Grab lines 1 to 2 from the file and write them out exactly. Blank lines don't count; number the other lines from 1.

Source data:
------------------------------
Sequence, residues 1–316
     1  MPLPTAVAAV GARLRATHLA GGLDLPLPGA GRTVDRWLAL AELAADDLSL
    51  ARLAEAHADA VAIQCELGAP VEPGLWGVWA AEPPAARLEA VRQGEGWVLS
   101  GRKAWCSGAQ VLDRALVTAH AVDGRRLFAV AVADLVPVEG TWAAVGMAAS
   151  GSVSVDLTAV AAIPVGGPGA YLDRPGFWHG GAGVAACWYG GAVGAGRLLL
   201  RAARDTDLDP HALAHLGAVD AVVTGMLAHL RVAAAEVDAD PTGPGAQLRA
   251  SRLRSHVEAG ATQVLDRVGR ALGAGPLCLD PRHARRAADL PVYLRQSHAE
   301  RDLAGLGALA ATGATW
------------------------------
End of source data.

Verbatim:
Sequence, residues 1–316
     1  MPLPTAVAAV GARLRATHLA GGLDLPLPGA GRTVDRWLAL AELAADDLSL